September 15, 2011: Waste Management’s strategy is simple: divide and conquer.
During the last round of bargaining, the company beat strikes and forced concessions on members in New York (2006), Los Angeles (2007), and Wisconsin (2008).
In Wisconsin and Central Illinois, the company successfully pulled out of the Teamster pension, leaving the workers without a real pension.
In each of these fights, the International Union talked about extending picket lines—but it was all talk. In the end, local unions were left to fend for themselves.
In 2010, four locals in Southern California gave Coca-Cola the green light to roll out an “Alternative Distribution” program that uses a nonunion, third-party logistics company to make Teamster deliveries.
Coke’s new business model is a threat to Teamster jobs nationwide. And our union knows it.
The Hoffa administration called an emergency meeting and put forward a plan to defeat the company’s pilot program—if necessary, through nationally coordinated strike action.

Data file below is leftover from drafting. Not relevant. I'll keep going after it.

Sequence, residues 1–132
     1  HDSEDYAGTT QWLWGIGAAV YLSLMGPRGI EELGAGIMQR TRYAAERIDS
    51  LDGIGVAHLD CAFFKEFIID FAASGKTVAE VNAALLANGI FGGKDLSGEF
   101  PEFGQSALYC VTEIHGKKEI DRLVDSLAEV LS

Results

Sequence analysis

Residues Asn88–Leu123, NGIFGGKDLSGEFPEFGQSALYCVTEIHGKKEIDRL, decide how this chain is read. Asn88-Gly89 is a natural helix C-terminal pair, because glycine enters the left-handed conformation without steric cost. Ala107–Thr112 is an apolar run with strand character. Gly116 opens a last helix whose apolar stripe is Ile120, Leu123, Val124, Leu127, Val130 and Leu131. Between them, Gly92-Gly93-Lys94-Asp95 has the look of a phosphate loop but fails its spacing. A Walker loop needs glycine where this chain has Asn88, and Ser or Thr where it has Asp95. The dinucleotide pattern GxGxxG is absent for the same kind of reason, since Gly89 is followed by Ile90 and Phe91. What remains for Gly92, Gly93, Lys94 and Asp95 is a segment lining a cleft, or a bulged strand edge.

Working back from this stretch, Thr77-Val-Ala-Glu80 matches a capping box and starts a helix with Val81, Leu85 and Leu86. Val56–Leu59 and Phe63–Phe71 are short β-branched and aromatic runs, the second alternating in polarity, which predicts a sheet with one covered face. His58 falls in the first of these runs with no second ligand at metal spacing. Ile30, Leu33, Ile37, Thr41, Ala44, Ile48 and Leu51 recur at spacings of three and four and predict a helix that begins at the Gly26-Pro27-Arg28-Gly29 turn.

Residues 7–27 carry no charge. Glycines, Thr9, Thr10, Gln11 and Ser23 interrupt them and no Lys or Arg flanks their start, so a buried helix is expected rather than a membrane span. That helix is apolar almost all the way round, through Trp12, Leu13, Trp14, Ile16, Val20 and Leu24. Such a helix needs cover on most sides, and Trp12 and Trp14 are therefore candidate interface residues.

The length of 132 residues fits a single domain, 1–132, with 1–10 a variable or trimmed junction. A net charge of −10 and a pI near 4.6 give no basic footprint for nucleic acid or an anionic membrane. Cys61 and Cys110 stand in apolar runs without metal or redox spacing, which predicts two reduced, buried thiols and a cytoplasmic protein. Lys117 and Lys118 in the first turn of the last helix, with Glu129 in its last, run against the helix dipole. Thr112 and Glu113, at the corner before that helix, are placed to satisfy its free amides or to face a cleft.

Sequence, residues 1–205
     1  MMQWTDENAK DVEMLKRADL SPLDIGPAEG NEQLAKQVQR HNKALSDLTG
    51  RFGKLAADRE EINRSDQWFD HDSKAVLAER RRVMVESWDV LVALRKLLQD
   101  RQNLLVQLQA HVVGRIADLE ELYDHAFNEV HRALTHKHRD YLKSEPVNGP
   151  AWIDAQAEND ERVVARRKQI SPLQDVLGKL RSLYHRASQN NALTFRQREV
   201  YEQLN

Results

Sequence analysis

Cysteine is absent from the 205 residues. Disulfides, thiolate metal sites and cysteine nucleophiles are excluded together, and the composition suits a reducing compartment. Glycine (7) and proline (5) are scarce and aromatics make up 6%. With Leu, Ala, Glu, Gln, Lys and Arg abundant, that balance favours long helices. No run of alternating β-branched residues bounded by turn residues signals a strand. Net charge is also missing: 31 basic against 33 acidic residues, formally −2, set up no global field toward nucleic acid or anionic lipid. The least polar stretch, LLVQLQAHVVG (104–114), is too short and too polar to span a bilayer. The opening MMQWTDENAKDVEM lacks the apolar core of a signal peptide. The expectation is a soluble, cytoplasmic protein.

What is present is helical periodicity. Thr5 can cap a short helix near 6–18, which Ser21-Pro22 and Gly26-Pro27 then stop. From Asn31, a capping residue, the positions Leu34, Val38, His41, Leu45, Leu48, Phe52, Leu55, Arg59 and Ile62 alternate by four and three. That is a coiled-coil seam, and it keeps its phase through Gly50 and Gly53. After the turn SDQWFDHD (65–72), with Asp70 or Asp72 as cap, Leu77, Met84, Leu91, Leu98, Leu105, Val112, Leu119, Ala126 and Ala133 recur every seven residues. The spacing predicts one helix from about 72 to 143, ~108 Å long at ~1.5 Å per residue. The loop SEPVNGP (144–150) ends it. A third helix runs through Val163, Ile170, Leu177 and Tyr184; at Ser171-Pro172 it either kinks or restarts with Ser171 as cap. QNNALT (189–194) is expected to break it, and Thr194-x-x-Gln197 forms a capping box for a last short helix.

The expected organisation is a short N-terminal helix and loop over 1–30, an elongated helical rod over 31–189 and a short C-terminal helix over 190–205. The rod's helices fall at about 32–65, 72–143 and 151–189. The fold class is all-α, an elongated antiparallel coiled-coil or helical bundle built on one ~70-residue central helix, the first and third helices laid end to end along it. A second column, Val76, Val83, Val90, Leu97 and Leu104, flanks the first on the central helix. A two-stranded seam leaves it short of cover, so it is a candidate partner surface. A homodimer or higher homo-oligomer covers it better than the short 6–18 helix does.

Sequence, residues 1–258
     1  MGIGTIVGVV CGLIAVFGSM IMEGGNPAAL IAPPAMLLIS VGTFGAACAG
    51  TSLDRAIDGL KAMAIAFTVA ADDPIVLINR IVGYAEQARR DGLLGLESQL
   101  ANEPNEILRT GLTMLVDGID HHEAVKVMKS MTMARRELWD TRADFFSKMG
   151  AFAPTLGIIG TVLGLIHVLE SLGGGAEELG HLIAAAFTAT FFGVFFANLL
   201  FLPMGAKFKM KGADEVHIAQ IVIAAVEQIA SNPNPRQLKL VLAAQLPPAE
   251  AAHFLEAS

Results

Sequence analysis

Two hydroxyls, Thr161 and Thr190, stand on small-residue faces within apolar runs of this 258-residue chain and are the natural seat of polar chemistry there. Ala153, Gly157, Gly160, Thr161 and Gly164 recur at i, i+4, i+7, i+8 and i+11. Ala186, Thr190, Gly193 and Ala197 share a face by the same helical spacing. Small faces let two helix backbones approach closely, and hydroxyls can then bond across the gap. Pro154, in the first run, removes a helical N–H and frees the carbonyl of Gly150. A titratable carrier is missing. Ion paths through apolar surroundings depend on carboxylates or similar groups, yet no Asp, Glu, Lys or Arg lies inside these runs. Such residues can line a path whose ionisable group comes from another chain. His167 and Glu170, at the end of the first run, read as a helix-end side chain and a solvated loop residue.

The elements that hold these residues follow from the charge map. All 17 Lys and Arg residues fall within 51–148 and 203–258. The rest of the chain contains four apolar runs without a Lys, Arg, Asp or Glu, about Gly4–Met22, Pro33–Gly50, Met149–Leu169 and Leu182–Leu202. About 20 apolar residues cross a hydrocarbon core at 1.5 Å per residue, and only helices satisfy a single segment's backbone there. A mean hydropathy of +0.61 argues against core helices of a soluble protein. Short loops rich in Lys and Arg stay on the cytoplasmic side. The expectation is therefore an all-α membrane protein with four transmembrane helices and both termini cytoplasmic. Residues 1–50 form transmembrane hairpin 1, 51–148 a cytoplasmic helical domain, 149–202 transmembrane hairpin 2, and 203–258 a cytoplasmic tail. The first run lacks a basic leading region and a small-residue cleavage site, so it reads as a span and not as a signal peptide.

But just one month after this tough talk, our union caved in without a fight. Now Coke is looking to spread its job-killing program nationally.
Good Teamster jobs in grocery are under a double threat: nonunion distributors and automation.
Earlier this year, 1,500 Teamsters in New Jersey and the Northeast lost their jobs when C&S, the biggest nonunion food distribution company in the world, moved the work to a new nonunion, automated warehouses.
A coalition of local unions came together last year to take on the nonunion C&S threat. Teamsters began leafleting A&P, Pathmark and other stores to put pressure on C&S by reaching out to customers.
But instead of backing the campaign, the International Union instructed local officers to stop leafleting stores and to bargain a severance package instead.
New Jersey Teamsters lost their jobs. And C&S immediately went on the attack in Maryland.
By now, the C&S debacle had become an election issue. So the IBT launched a last-minute campaign. The facilities were kept open but C&S won major contract concessions.